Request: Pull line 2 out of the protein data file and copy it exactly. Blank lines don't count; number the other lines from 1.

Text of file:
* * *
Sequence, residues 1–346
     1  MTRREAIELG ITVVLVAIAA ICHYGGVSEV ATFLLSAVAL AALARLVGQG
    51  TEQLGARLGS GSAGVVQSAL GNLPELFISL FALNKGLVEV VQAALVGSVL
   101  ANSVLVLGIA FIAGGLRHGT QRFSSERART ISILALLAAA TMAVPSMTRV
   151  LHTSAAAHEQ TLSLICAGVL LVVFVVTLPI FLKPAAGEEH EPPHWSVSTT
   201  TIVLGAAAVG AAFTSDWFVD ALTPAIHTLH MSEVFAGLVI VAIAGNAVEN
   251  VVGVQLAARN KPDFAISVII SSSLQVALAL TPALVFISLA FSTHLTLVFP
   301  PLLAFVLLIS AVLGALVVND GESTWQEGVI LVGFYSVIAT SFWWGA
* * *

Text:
     1  MTRREAIELG ITVVLVAIAA ICHYGGVSEV ATFLLSAVAL AALARLVGQG